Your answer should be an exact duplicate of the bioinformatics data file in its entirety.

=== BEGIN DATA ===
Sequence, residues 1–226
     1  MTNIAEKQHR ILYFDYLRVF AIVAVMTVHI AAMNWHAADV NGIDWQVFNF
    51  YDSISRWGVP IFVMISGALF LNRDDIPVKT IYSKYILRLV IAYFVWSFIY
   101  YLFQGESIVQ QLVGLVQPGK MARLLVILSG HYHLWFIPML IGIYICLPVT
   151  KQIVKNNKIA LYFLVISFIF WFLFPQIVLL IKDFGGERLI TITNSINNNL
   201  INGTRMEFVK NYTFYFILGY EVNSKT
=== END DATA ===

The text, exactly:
Sequence, residues 1–226
     1  MTNIAEKQHR ILYFDYLRVF AIVAVMTVHI AAMNWHAADV NGIDWQVFNF
    51  YDSISRWGVP IFVMISGALF LNRDDIPVKT IYSKYILRLV IAYFVWSFIY
   101  YLFQGESIVQ QLVGLVQPGK MARLLVILSG HYHLWFIPML IGIYICLPVT
   151  KQIVKNNKIA LYFLVISFIF WFLFPQIVLL IKDFGGERLI TITNSINNNL
   201  INGTRMEFVK NYTFYFILGY EVNSKT